First in Defense: The USS Forrestal

Bill Lescher

September 19, 2022

A supercarrier, first amphibious carrier, and first in defense air-power demonstration are the topics covered in this article. In addition, we’ll examine the deck-edge spray system and a unique amphibious landing exercise. These essential topics can help you learn more about the USS Forrestal.

First supercarrier

The USS Forrestal was the world’s first jet aircraft carrier. Its covered bow keeps the hangar and flight deck dry in adverse weather and extends carrier operations. Before the Forrestal, the Essex-class carriers could only operate in bad weather for 220 days. The enclosed bow also extended the ship’s flight deck and hangar deck.

The USS Forrestal was commissioned in 1978. The ship spent more than three decades in the Navy. She participated in Operation Provide Comfort, an international relief operation for the Kurds in northern Iraq. In addition, she completed the first carrier-based noncombatant evacuation exercise. She also participated in numerous NATO and multi-national exercises. After that, the Forrestal shifted its homeport from Mayport, FL, to Pensacola, FL, and became a U.S. Navy training carrier.

The USS Forrestal was in the Mediterranean during its 20th deployment, and the USS Forrestal was there when the Freights Queen had a catastrophic explosion. The USS Forrestal’s helicopters were able to retrieve one of the ship’s crew members. During its deployment, the Forrestal participated in several exercises and returned to homeport on April 12, 1990.

First amphibious carrier

The USS Forrestal is a former U.S. Navy amphibious carrier deployed to the Mediterranean region four times between 1968 and 1973. One of these deployments was to rescue stranded citizens in Tunisia’s flooded Medjerda River Valley. In addition, the Forrestal hosted over 40,000 visitors during a visit to New Orleans. Visitors were able to tour the ship and see all of its aircraft. In addition, they could experience a damage control demonstration and ride on one of its aircraft elevators.

The Forrestal participated in several fleet exercises and training operations. It accompanied the Seventh Fleet to support operations in the Mediterranean. It was again called upon to perform this duty during the summer of 1958, deploying to the eastern Atlantic after the Suez Canal. It participated in a joint U.S.-Egyptian exercise called Display Determination, which included air combat maneuvering training at low altitudes. The ship was in the Mediterranean for 15 days before it returned to Mayport.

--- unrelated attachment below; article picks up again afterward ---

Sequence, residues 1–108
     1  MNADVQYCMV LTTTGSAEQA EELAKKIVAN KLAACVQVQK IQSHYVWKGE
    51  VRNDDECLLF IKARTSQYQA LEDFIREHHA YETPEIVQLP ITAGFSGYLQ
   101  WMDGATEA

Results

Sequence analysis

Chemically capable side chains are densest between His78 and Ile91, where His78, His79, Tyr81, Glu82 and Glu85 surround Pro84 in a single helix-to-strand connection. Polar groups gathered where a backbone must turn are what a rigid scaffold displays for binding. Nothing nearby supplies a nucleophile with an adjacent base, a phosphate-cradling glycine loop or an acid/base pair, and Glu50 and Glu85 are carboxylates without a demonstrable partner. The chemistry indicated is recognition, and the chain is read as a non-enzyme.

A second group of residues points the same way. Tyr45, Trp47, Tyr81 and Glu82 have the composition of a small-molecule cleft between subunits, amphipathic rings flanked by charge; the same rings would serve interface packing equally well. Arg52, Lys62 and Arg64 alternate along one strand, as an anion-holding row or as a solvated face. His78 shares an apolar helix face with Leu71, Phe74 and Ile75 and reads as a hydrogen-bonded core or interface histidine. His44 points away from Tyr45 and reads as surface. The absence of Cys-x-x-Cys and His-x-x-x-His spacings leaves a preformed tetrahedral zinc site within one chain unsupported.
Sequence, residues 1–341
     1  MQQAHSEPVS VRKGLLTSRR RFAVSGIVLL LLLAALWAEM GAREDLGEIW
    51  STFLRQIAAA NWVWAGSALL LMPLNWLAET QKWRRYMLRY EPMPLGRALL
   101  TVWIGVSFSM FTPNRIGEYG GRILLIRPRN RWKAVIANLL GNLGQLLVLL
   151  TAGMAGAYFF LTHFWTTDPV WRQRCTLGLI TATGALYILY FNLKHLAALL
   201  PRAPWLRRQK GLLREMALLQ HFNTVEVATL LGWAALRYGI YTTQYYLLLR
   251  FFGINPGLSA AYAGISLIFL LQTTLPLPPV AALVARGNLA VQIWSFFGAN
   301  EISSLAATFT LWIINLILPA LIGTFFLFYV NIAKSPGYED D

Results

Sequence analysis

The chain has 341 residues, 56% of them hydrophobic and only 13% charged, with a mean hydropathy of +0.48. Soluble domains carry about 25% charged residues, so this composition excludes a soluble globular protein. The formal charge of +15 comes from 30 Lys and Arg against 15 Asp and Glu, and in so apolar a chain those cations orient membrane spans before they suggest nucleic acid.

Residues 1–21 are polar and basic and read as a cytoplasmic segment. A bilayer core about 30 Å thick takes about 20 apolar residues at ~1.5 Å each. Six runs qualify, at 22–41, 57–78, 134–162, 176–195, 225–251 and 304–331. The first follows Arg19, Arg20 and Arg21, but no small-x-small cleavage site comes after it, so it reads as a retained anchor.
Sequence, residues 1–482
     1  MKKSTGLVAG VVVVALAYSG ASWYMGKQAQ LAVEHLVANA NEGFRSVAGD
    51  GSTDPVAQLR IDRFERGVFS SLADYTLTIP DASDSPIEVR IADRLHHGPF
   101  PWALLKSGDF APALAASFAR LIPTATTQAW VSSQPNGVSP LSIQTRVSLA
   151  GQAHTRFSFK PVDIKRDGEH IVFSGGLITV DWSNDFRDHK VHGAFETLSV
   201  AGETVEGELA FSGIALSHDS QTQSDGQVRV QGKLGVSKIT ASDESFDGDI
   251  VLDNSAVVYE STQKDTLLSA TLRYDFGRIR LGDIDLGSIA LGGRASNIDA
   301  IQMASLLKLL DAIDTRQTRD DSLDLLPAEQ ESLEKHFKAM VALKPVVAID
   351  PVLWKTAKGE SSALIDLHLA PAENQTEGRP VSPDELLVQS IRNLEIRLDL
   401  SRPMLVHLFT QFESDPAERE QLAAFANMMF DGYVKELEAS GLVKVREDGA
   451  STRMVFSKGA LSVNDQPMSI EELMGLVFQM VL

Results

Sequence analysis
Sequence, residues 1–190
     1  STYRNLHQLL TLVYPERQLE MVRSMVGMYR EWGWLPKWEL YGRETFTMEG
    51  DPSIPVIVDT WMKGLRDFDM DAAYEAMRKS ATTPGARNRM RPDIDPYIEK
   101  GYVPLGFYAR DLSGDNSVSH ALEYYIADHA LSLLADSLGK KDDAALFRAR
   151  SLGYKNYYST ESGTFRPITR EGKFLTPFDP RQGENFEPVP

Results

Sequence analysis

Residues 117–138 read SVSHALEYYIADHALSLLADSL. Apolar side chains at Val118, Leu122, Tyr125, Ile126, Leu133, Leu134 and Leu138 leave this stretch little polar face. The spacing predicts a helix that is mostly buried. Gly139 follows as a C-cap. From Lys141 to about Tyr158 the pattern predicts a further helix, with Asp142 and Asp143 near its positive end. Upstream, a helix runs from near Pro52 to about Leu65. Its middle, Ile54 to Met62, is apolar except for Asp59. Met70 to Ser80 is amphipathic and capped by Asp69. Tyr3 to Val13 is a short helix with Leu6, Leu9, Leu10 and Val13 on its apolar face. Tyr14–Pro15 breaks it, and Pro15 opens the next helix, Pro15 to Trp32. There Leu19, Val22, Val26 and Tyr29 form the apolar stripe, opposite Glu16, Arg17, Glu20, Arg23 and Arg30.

First deck-edge spray system

In the wake of the USS Forrestal’s catastrophic fire, the Navy revised its fire fighting practices and added a deck wash-down system to its fleet. The disaster also resulted in the creation of the Farrier Fire Fighting School Learning Site, named for Chief Aviation Boatswain’s Mate Gerald W. Farrier, who died in the initial explosion while attempting to extinguish the fire with a single PKP extinguisher. The crew members on board the Forrestal are buried at Arlington National Cemetery, and their names are also on the Vietnam Veterans Memorial.

The first U.S. aircraft carrier, the Forrestal, was a groundbreaking design. It included a flight deck enclosed by a bow to keep the aircraft drier. This feature extended the carrier’s working days compared to its Essex-class sister ships. The enclosed bow also allowed the ship more extensive flight and hangar decks.

A modified version of the Forrestal’s deck allowed it to carry more than one airplane at a time. What was an advantage in a situation where more than one plane could land at one time? The ship’s design also angled the deck, making it ideal for landing planes.

First amphibious landing exercise

On October 15, 1961, USS Forrestal cleared Gibraltar and headed north for “Operation Windbreak.” The exercise was designed to expose sailors to new water and unfamiliar sea conditions. The ship ranged 150 miles south of Iceland and encountered 34-foot seas. It also served as a test to determine whether Soviet ships were monitoring U.S. vessels in the Mediterranean.

During this exercise, the Forrestal defended the Turkish amphibious task group. It worked alongside other ships in NATO, including the aircraft carrier USS Nimitz and the French carrier FRGO. It also participated in mock air attacks, in which simulated enemy aircraft attacked U.S. ships and their aviators. The Forrestal returned to Rota after completing its mission.

After entering the shipyard, Forrestal conducted mine-warfare and antisubmarine exercises in the western Mediterranean. In one of the exercises, a Vought A-7E Corsair II crashed in southern Sicily. Another A-7E crashed after takeoff, but the pilot escaped.